Just discovered the work of German photographer Bernd Edgar Wichmann. His portfolio is chalk-full of accomplished commercial work for dozens of brands, agencies, and magazines, but it’s his landscape work shown above that’s truly inspiring to me. It’s as if his camera is hovering in the sky above the images he shoots. (via beware)
Photographer Rüdiger Nehmzow captured these photos of clouds four miles above the Earth through open airplane doors. The video does a pretty good job of showing how they did it, maybe skip ahead to 2:30 or so just before they take off. More of his incredible work here.
Float is an upcoming documentary about the world of indoor rubber powered model airplanes. After watching it and doing some reading online, I’ve learned that the people who compete in free flight duration aeronautics are a special breed. Imagine spending 40 years of your life building self-propelled airplanes that weigh as much as a paperclip but maintain altitude for over 30 minutes. Oh, and you’d like to compete with others who do the same thing? Just catch the next flight to Serbia.
Current designs of these airplanes can fly for over 30 minutes on a single wound rubber motor, and the world record for time aloft is over one hour. These planes fly indoors, in large open spaces such as sporting arenas and aircraft and blimp hangers. The majority of participants in this hobby are over the age of 50, and the hobby itself is aging. As the digital age envelopes the younger generations, this hobby is becoming a lost art.
The goal of FLOAT is to document the hobby in its current state, and most importantly bring much needed attention and an injection of new and excited participants to help perpetuate this beautiful hobby.
According to the producers the final release date is still to be determined. As the interest in model airplanes has waned, so have the sporadic competitions from which footage can be shot, so keep an eye out at film festivals in a year or so. You can learn more about Float on their Kickstarter page. (thnx, tim!)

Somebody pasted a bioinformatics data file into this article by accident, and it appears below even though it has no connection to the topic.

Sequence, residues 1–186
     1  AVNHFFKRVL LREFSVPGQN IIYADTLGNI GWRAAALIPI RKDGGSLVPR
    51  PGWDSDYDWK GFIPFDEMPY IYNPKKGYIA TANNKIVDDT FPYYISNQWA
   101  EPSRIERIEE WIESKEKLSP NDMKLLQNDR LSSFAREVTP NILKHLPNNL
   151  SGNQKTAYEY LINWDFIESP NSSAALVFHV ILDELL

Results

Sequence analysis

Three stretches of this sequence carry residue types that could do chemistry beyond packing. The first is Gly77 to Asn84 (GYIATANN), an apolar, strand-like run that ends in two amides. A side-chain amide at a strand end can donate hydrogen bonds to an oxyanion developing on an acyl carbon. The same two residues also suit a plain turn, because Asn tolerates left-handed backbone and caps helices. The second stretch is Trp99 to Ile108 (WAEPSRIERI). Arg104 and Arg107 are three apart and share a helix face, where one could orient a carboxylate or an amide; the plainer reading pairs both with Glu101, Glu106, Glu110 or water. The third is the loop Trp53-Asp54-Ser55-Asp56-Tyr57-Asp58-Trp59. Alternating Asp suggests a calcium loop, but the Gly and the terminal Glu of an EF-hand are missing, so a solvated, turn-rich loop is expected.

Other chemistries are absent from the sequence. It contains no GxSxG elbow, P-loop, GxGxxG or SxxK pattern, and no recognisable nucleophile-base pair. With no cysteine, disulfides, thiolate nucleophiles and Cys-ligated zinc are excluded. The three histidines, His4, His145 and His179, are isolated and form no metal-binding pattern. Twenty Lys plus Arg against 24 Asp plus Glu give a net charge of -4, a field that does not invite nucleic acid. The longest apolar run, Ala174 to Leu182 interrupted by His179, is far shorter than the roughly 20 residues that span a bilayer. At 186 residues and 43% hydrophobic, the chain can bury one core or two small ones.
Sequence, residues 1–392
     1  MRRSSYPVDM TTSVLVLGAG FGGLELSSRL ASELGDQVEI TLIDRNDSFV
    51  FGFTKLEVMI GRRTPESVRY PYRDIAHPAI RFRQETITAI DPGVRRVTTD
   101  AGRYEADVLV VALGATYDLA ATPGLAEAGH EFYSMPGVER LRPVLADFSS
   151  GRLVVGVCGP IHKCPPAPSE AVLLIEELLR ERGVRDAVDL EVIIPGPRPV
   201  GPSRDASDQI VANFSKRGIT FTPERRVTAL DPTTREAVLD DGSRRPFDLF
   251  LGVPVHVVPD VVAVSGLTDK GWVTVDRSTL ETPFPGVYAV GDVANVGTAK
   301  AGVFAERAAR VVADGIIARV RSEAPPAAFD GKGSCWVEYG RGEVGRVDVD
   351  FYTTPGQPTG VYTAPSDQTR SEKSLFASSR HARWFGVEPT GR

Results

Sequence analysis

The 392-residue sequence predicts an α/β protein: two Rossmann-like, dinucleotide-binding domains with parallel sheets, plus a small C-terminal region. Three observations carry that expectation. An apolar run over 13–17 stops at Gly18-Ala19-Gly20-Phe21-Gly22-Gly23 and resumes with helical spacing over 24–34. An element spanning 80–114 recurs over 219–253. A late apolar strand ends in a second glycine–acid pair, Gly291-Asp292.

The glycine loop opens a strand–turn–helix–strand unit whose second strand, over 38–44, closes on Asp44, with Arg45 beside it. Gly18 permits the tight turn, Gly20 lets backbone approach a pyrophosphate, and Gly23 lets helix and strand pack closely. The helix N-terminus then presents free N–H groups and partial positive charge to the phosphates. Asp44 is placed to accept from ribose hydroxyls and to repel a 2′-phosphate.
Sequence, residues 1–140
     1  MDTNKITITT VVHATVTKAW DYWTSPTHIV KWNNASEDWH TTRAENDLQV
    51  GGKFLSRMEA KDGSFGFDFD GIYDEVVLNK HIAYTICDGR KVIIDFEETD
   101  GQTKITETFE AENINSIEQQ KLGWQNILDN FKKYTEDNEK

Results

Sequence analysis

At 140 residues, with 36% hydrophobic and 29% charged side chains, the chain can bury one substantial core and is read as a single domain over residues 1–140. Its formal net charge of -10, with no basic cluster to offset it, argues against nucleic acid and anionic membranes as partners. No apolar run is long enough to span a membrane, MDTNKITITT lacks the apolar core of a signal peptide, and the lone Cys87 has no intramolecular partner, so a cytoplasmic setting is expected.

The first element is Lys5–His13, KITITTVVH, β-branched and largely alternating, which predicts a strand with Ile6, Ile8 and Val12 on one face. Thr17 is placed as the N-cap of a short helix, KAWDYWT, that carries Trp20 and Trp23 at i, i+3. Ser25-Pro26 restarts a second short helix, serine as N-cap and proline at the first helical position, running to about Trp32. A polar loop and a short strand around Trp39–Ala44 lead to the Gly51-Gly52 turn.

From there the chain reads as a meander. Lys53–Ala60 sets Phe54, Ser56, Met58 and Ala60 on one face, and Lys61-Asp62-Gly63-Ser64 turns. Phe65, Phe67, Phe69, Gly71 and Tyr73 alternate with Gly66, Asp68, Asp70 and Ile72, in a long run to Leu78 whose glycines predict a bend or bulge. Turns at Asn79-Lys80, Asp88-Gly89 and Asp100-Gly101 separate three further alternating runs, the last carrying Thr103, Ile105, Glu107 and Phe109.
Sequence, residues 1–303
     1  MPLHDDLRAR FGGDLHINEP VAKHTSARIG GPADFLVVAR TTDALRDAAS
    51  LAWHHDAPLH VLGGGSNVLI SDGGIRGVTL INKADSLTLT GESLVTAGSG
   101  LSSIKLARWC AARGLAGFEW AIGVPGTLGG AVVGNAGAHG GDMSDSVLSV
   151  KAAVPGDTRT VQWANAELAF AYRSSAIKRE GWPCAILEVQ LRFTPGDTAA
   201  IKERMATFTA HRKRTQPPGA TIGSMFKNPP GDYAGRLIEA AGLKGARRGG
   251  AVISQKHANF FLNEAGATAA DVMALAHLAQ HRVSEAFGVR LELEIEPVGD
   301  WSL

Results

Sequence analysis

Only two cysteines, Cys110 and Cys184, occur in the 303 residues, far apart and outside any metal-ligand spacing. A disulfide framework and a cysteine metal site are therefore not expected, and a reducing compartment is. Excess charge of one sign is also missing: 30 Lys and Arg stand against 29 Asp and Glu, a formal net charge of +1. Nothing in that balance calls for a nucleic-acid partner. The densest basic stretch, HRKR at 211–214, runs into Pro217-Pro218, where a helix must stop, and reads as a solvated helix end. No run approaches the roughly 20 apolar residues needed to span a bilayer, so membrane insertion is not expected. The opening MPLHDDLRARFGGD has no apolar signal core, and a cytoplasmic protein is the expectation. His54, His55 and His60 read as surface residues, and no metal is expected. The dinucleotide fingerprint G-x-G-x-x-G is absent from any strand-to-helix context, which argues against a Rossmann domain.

New work from Berlin-based artist Astrid Bin, described as “one thousand paper airplanes are suspended in flight, like flocking birds, or swarming insects.” Reading her bio I’ve decided she’s probably a pretty cool lady:
S. Astrid Bin is a British-Canadian interdisciplinary artist. Past endeavors have included baiting and then unbaiting 100 mousetraps with her hands, making a picture of a pigeon from 538 pieces of toast, documenting an attempt at making a million dollars in a year, locking herself in a disused bank vault for ten nights, making light into a drawing medium, sending hundreds of postcards to an empty building, shaving her head, and occupying a phone booth for 24 hours. She likes to play with, manipulate, study, test and provoke the audience in meaningful ways. She has received death threats, hate mail and international press.
More photos over on http://www.saatchionline.com/profiles/portfolio/id/204617Saatchi. (via lustik)
Some great shots of Fiona Banner‘s latest installation at Tate Britain. Fiona has suspended an enormous Sea Harrier nose-down from the ceiling just inches off the floor and polished an upside-down Sepecat Jaguar so visitors can see their reflection in it.
For Banner these objects represent the ‘opposite of language’, used when communication fails. In bringing body and machine into close proximity she explores the tension between the intellectual perception of the fighter plane and physical experience of the object.